The is funded by Deutsche Forschungsgemeinschaft (DFG, German Research Foundation) and the Russian Foundation for Basic Research (RFBR). It has a duration of three years and is coordinated by TU Darmstadt. project ExtraNoise – Performance analysis of HPC applications in noisy environments
High-performance computing is a key technology of the 21st century. Numerous application examples, ranging from the improved understanding of matter to the discovery of new materials and from the study of biological processes to artificial intelligence, give evidence of its tremendous potential.
However, exploiting the full power of HPC systems has always been hard and is becoming even harder as the complexity and size of systems and applications continue to grow. On the other hand, the savings potential in terms of energy and CPU hours that application optimization can achieve is enormous.
Key to understanding and ultimately improving the performance of HPC applications is performance measurement. Unfortunately, many HPC systems expose their jobs to substantial amounts of interference (aka noise), leading to significant run-to-run variation. This makes performance measurements generally irreproducible, heavily complicating performance analysis and modeling.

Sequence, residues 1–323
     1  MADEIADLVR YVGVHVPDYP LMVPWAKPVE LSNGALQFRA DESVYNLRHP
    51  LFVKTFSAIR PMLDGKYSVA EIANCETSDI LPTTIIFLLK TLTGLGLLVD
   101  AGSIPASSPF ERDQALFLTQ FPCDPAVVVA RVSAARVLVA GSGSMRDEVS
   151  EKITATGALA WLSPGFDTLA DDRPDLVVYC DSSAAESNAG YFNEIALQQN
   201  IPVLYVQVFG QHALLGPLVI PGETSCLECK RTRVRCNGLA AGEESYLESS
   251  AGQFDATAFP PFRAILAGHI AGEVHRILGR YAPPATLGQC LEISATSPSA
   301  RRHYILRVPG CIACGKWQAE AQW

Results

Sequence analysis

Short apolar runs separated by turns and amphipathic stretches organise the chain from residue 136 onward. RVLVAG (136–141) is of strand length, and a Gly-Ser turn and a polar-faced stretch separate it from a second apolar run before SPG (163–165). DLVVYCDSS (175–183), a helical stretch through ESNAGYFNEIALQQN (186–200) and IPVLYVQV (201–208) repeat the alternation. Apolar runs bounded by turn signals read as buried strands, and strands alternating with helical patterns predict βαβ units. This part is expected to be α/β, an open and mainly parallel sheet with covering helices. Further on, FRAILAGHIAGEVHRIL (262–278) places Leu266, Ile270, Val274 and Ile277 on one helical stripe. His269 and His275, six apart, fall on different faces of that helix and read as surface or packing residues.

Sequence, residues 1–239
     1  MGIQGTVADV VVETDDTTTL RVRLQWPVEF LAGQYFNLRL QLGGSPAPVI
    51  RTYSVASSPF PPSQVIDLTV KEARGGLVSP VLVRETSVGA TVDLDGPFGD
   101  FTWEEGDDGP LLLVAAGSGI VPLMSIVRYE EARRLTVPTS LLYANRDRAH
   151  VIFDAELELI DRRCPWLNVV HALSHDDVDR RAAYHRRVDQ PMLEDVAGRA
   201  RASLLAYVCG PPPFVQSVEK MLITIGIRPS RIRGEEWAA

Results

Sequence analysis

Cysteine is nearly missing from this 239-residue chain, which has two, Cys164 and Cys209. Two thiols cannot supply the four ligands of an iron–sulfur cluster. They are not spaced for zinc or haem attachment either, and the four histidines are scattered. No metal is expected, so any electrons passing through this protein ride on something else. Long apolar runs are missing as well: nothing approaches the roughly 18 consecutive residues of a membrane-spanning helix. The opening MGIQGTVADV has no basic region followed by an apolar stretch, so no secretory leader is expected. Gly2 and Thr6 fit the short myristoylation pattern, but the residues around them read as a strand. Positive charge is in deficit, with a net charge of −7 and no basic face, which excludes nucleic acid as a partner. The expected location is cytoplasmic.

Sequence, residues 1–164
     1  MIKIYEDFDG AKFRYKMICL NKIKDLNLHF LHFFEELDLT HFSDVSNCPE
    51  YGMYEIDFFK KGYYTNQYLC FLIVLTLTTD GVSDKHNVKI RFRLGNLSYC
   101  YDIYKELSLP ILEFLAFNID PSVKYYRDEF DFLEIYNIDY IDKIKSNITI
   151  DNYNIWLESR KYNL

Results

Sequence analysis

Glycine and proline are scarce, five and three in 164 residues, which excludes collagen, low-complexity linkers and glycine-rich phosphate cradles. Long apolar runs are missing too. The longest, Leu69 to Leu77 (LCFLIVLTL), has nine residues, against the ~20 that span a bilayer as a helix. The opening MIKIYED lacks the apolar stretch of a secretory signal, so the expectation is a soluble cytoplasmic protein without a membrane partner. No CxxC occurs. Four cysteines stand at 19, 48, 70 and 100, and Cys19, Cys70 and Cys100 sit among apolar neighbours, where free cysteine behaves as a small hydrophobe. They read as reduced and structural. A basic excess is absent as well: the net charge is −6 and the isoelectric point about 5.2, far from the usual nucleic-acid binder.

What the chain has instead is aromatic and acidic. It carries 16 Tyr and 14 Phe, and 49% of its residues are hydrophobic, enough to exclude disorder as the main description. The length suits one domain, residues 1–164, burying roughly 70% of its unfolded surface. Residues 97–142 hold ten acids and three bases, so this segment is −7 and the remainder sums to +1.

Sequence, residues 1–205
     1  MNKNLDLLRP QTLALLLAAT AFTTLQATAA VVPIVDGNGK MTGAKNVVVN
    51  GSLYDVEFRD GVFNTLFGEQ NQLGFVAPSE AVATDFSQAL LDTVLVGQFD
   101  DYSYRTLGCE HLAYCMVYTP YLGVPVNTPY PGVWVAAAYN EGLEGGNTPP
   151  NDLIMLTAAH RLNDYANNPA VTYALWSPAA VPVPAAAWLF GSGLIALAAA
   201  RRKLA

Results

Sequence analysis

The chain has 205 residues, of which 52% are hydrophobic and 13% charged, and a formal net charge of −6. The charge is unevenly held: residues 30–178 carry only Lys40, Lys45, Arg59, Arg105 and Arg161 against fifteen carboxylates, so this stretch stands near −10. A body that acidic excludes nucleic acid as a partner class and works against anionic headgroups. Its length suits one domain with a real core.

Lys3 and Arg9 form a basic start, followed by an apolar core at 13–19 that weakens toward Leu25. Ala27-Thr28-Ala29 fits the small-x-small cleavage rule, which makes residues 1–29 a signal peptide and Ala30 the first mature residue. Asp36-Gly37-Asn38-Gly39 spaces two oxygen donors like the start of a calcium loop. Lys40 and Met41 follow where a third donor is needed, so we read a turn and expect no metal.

On noisy systems, performance analysts usually have to repeat performance measurements several times and then apply statistics to capture trends. First, this is expensive and, second, extracting trends from a limited series of experiments is far from trivial, as the noise can follow quite irregular patterns.
In the ExtraNoise project, Felix Wolf is working on solutions to this problem together with Dr Bernd Mohr from Jülich Supercomputing Centre and Drs Dmitry Nikitenko and Konstantin Stefanov from Moscow State University. Computer-science professor Torsten Hoefler from ETH Zurich is involved as an associated partner.
In addition to making performance analysis more noise resilient, the partners also aim at a better understanding of how applications respond to noise in general and which design choices increase or lower their active and passive interference potential.